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Tech blowout: Apple profit nearly doubles as iPhone sales surge

Technology sector updates

Apple

Apple’s profits almost doubled in its latest quarter to $21.7bn, as iPhone sales surged and anticipated component shortages failed to bite.

Apple’s overall revenues grew by 36 per cent compared to the same period last year, including a 50 per cent rise in iPhone sales, driving net income 93 per cent higher for the three months to June 26.

Though the pace of year-on-year growth was slightly slower than in the previous quarter, Apple still stretched far ahead of Wall Street’s targets on almost every metric.

Luca Maestri, Apple’s finance chief, told the FT that the quarter was “very, very strong across the board”, noting that its services revenues had hit a new record.

Apple’s earnings at a glance

Actual vs estimates

Revenue: $81.4bn vs $73.3bn

Net income: $21.7bn vs $16.62bn

EPS: $1.31 vs $1.01

iPhone revenue: $39.57bn vs $34.04bn

Services revenue: $17.49bn vs $16.28bn

Estimates from Refinitiv and FactSet

“Our install base of active devices also set a new all time record in all geographic segments,” he said, outperforming Apple’s own internal forecasts in the US and China.

Sales in the Americas grew by 33 per cent, while Greater China was up by 58 per cent.

Three months ago, Apple had warned of a $3bn-4bn hit to iPad and Mac sales due to component shortages, as the technology and automotive industries grappled with ongoing semiconductor supply restrictions. But Maestri said that the impact ended up being less than $3bn, with iPad sales up 12 per cent and Macs up 16 per cent.

Even as lockdowns lift, Apple services revenues grew by 33 per cent, including a June quarter record for the App Store and a particularly strong rebound in advertising revenues.

“Now that economies are reopening, we continue to see really strong demand for digital services,” Maestri said.

Microsoft

Microsoft ended its financial year on a strong note, posting a 21 per cent jump in revenue as it saw a flood of new business in areas like cloud computing, LinkedIn advertising and business applications.

The US software company’s sales and earnings comfortably topped most official Wall Street estimates, though its shares slipped back 2 per cent after a near-20 per cent rally in the last two months took its stock price to a record high.

Microsoft’s Azure cloud platform, one of the main engines of its recent growth spurt, had seen revenue growth slow in recent quarters as it became a much bigger contributor to the overall business.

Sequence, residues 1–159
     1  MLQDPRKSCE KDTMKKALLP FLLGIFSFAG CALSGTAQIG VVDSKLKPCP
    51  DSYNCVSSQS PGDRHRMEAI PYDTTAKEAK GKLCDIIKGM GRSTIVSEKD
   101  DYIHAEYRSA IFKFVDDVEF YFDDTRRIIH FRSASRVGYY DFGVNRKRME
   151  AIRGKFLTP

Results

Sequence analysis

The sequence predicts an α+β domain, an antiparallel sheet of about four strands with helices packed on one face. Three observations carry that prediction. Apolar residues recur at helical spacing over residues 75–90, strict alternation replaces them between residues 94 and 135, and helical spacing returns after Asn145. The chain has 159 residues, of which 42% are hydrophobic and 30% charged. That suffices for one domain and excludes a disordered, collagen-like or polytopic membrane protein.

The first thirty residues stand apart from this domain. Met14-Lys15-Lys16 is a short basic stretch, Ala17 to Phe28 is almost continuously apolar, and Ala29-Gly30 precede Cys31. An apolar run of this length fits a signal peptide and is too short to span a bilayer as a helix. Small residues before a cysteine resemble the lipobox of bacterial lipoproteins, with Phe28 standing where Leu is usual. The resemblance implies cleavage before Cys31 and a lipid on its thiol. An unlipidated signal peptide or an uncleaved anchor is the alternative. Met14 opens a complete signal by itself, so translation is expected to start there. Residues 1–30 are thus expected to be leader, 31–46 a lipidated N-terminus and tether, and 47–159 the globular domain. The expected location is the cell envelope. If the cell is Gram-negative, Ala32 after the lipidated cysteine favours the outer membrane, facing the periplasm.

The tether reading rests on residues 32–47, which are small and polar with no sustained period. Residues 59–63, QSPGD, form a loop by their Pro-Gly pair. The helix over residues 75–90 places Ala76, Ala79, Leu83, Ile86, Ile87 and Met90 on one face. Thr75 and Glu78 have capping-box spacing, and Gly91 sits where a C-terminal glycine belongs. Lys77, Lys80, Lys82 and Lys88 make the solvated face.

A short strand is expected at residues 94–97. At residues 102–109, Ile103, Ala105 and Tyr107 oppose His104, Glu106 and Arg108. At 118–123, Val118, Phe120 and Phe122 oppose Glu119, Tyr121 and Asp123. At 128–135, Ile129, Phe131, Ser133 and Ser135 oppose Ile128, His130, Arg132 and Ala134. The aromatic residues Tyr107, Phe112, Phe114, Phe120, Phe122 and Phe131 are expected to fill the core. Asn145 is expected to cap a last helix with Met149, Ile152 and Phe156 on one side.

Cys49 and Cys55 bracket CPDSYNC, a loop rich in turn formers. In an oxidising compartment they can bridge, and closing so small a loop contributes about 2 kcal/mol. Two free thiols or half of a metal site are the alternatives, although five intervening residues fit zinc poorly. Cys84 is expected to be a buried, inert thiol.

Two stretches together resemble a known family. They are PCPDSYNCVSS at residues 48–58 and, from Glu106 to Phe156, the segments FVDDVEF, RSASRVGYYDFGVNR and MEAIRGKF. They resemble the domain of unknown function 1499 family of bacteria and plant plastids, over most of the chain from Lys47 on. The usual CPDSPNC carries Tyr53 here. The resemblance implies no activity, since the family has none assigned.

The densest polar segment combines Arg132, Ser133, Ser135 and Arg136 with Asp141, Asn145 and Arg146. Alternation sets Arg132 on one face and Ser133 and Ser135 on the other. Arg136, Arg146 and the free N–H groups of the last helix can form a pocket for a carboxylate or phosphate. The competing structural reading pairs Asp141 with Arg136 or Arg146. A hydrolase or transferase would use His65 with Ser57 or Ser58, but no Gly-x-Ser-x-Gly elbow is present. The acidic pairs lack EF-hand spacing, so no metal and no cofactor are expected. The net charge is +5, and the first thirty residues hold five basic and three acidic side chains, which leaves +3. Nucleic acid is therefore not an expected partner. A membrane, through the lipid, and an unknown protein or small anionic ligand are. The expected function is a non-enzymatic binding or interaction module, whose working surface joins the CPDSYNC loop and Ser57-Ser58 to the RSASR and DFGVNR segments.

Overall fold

Microsoft’s earnings at a glance

Actual vs estimates

Revenue: $46.2bn vs $44.24bn

Net income: $16.5bn vs $14.53bn

EPS: $2.17 vs $1.92

Azure growth: 51% vs 42%

Commercial cloud revenue: $19.5bn vs $18.7bn

Estimates from Refinitiv, FactSet and Cowen

But in the three months to the end of June, Azure growth accelerated, reaching 51 per cent. That was up from growth of 46 per cent in the preceding three months, and the fastest expansion rate in five quarters.

Satya Nadella, chief financial officer, said the figures showed that “when we execute well and meet customers’ needs in differentiated ways in large and growing markets, we generate growth, as we’ve seen in our commercial cloud”.

He also singled out the strong performance of newer businesses like gaming, security and LinkedIn. The professional networking site reported a 46 per cent jump in revenue, while the Dynamics suite of business applications grew by 49 per cent.

The surge in growth lifted Microsoft’s gross profit margin by nearly two percentage points, to 69.7 per cent. That was nearly a percentage point above expectations, and contributed to a 48 per cent jump in earnings per share, to $2.17.

Alphabet

Alphabet chief executive Sundar Pichai credited a “rising tide of online activity in many parts of the world” for driving profits almost three times higher than in the same period of last year.

Expectations were already high for Alphabet, with last year’s second quarter hit heavily by a sharp pullback in global ad spending as companies reacted to the onset of the pandemic.

Alphabet’s earnings at a glance

Actual vs estimates

Revenue: $61.88bn vs $56.16bn

Net income: $18.53bn vs $13.07bn

EPS: $27.26 vs $19.34

Advertising revenue: $50.4bn vs $45.07bn

Cloud revenue: $4.63bn vs $4.40bn

Estimates from Refinitiv and FactSet

As Wall Street had hoped, ad sales on the platform surged in the second quarter, pushing net income to $18.53bn — beating analysts’ estimates by around 10 per cent. Revenue for the period topped $61.9bn.

Google’s advertising sales grew 69 per cent from the same period in 2020, comfortably beating analysts estimates, according to data from FactSet. Specifically, advertising on YouTube saw a sharp jump, with sales hitting $7bn — up more than 80 per cent on a year ago.

“This quarter, publisher partners earned more than they ever have from our network,” Pichai told investors. “We also paid more to YouTube creators and partners than any quarter in our history.”

As analysts had predicted, the company benefited from pent-up demand for cloud services as many office workers continued to work from home. Revenue for that segment was up 50 per cent on last year, to $4.63bn, though it still posted an operating loss of $591m.

Shares in immediate after-hours trading were slightly higher.


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